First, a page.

Friday, April 30, 2010

felton acres welcomes its first lamb!

There we were, moving chickens and feeding and doing our evening chores, and I looked down at the sheep for a moment and exclaimed "OMG, we had a lamb!" You gotta love Barbados Blackbellies. No suplemental grain, no lambing barn, no sleepless night. Just looked down at the sheep and saw the cutest little lamb among the now pretty big looking crew. Brought the kids down the next day with the nice camera for the evening chores and snapped a few pics. Even zoomed they are not great because mommy is being very protective and hanging back. Good job Ram Sam Sam and Ghoully Ghoully Ewe!

Tuesday, April 27, 2010

is commercial fishing bad? NO!!!

I was just responding to a letter to the editor in a magazine, but somehow it turned into an essay, so why not add to my poor neglected blog with another of my enviro-rants?

I read with some pain the letter in your May 2010 issue calling for an end to the commercial harvest of wild fish. Yes, the previous letter calling for an end to all sport fishing so there would be more fish for the non-boat-owning population was also wrong, but Mr. Johnstone's opinions about what's wrong with commercial fishing were incorrect enough as to force a response.

The summary of Mr. Johnstone's argument is that because technology for fishing is so advanced, humanity is incapable of sustainably harvesting wild fish; in essence the greed of commercial fishers has no antidote, they will always over-fish if allowed to fish at all. This is the "tragedy of the commons" argument. More people need to understand that this was an argument created by the super-rich to take the commons away from everybody so they could expand their exclusive hunting grounds. The commons were doing just fine when commoners had little plots of garden and a few animals grazing to put a little something extra on their tables. They had a vested interest in preserving it and they did just that. But back to fishing.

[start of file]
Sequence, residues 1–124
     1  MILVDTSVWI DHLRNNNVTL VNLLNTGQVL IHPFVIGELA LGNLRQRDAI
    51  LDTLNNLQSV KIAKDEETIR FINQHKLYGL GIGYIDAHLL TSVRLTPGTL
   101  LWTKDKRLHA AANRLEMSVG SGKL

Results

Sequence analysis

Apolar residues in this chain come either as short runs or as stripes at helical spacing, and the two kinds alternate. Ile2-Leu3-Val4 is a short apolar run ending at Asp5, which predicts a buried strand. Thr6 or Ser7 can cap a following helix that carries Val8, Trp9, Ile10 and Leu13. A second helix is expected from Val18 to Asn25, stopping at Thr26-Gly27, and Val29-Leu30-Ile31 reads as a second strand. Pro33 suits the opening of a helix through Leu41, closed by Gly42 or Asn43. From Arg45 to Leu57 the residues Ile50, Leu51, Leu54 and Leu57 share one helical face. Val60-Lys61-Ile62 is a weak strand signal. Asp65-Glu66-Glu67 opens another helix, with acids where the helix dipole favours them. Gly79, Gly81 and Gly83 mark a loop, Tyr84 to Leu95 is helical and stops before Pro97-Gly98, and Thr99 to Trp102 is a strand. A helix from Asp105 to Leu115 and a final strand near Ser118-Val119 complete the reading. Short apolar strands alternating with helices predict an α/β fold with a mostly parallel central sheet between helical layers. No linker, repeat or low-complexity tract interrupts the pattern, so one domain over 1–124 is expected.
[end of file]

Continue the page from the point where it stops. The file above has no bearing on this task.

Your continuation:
There IS an antidote to overfishing: it is called fisheries science, regulation, and enforcement. Nevermind some people do not think government is capable of anything (while they depend upon it every day for so many many things); that too is a hypocritical viewpoint. If your regulators aren't doing their jobs well then what are you doing to force them to improve? There are several examples of fisheries that are commercially harvested and THRIVING. Look at the Pacific salmon fishery in Alaska or the Halibut fishery in the Pacific Northwest. Lobster in the Northeast. (OK, those traps are not efficient and very leaky thus sustainable, but that's because of regulation and enforcement, likely mostly by the fishermen themselves, that those are the only allowed pots). When the Sacramento river Fall chinook run collapsed, smart people blamed everything but commercial fishing and commercial fishing interests have supported the total ban on their activities until the stocks rebuild. They have a vested interest in preserving the stock in perpetuity. That's how incentives really work here, the science just needs to be plain and accurate. And we can put people on the moon if we want to and fund it.